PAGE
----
Woodturning and working with wood in general can be very
heavy. Many of us turners like to turn big, wet logs and these things
can be really large and heavy. It's also often true that not all of the
wood that we want to work with is sitting right next to our shops. We
have to go out and gather it. That means falling, cutting, loading,
transporting and storing it. The Log Lift that this article discusses
deals with the loading aspect of it.
This great homemade / shopmade tool is a an ancient one.
It's been used over the eons to help people lift loads larger than they could
easily do on their own. As you can see in the pictures below, the Log
Lift is basically just 2 - 2" x 6" x 8' long pieces of wood that is held
together with some short pieces of wood. There's a "shelf" made so that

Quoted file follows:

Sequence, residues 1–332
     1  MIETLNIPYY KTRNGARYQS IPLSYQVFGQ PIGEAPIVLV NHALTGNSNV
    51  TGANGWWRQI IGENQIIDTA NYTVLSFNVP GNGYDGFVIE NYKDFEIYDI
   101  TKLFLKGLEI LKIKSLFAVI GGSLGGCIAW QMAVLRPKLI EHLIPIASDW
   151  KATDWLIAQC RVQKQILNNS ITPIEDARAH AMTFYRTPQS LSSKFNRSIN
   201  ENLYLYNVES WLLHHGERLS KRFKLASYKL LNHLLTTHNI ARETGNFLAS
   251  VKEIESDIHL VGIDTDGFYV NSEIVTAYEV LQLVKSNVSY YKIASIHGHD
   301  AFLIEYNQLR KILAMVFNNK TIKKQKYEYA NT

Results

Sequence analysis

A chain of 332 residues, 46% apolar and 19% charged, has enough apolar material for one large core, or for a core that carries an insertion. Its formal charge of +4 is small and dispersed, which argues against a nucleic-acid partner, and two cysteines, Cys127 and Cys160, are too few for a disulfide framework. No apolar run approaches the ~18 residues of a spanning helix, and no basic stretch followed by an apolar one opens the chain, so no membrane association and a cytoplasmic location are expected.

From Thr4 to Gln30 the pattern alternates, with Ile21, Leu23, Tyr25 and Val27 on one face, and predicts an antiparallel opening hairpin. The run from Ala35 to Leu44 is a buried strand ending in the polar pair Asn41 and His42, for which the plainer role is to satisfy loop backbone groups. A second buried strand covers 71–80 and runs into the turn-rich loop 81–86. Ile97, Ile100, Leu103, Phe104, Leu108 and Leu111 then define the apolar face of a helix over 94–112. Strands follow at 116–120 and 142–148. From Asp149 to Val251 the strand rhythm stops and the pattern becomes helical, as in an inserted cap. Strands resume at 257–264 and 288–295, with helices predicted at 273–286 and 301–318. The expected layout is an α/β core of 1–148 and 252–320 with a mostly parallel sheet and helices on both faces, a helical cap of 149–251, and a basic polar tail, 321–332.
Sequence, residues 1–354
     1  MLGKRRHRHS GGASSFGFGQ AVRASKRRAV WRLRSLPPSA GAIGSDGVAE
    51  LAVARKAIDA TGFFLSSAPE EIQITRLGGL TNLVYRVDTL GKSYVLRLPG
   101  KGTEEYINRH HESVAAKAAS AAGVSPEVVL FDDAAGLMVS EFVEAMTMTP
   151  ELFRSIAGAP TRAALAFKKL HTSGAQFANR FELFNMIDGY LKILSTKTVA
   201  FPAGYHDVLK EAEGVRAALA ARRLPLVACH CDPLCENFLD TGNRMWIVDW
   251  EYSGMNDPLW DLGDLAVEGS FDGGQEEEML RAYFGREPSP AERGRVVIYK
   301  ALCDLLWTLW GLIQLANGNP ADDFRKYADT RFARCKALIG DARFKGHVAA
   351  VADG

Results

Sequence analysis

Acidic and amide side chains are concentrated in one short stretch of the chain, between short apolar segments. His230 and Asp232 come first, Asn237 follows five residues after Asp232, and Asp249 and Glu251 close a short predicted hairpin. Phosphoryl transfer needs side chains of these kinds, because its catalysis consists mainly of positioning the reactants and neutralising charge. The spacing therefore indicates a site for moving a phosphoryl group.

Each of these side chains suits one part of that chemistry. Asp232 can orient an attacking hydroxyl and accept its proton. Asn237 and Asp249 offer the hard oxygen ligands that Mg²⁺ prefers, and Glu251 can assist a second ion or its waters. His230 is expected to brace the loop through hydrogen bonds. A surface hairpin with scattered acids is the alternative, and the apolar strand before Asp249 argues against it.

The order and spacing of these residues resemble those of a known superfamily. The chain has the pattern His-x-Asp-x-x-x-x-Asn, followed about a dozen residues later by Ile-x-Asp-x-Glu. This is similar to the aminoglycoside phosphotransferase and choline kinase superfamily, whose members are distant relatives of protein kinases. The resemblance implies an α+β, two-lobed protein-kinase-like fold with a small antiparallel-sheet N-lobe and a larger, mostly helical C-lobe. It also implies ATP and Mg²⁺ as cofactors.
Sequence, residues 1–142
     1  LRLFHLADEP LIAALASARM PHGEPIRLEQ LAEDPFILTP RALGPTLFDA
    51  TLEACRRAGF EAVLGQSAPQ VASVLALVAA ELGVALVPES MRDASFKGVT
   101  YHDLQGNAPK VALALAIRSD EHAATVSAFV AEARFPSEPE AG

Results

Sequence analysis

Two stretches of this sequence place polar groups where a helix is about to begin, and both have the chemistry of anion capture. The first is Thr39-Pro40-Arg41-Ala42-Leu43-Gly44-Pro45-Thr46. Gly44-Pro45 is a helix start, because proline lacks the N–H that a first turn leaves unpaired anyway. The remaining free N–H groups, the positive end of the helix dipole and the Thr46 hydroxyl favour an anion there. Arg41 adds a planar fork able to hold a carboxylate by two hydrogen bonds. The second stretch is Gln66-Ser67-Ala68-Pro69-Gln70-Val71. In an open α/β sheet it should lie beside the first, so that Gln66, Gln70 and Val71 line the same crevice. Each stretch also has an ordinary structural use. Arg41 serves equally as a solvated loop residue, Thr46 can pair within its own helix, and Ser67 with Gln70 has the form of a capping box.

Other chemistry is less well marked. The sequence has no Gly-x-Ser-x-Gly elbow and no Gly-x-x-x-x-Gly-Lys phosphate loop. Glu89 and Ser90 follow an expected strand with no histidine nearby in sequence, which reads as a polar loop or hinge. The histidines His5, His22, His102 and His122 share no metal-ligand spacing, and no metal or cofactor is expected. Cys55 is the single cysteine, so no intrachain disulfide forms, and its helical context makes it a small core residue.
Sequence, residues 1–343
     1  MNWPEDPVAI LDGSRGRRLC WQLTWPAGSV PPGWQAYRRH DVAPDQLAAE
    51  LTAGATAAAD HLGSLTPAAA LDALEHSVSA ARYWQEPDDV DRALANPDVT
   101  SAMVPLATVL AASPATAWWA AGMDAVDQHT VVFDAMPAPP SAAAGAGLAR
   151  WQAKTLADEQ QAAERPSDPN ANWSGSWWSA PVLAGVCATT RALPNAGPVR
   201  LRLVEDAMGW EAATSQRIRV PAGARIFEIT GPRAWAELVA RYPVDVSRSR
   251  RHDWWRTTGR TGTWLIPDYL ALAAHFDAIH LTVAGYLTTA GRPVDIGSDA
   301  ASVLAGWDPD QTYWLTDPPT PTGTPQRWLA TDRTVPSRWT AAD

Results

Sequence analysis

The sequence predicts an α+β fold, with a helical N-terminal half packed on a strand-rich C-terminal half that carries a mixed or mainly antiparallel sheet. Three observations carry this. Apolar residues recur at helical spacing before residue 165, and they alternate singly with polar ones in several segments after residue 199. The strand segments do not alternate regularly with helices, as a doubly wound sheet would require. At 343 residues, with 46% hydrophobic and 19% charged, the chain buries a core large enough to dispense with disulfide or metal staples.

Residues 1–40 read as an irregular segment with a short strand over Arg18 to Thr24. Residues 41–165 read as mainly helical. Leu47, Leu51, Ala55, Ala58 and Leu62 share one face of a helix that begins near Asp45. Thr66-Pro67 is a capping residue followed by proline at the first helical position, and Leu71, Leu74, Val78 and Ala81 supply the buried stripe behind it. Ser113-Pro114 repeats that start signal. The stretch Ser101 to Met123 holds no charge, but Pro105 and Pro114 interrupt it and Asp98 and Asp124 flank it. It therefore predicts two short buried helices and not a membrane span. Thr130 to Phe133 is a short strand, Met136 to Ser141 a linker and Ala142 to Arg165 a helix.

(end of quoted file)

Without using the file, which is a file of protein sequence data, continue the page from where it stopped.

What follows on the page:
the log doesn't slide down the Lift when you pick it up. The shelf needs
to be made so that, when the Lift is standing upright, it's just a little
higher than what you're wanting to load the logs onto. In this case,
it's the tailgate of a truck. To use the Log Lift, you simply (actually,
this is the hardest part!) place the log onto the Lift above and touching the
shelf. Then stand at the end of the Lift and pick it up. That's
it! You can make the Log Lift longer in order to get more mechanical
advantage but it can become impractical and difficult to transport out into
the field if it's too long.
As you can see in the pictures below, I have a very wet
half-log loaded onto the Log Lift. I estimated it to weigh about 200
lbs. I tried several times to lift it up onto the tailgate of the truck
myself but just couldn't manage it. So, I got out the Log Lift and,
well, you can see the results. Quick, easy and inexpensive!
Really, it was a LOT easier to lift those logs this way. It's not like
it's as easy as a hydraulic lift or something but at least it was so much
easier than trying to do it without any help. Try making one yourself
and give it a try.
* Here it is! The
Sawbuck modification for processing those logs / blanks out in the field!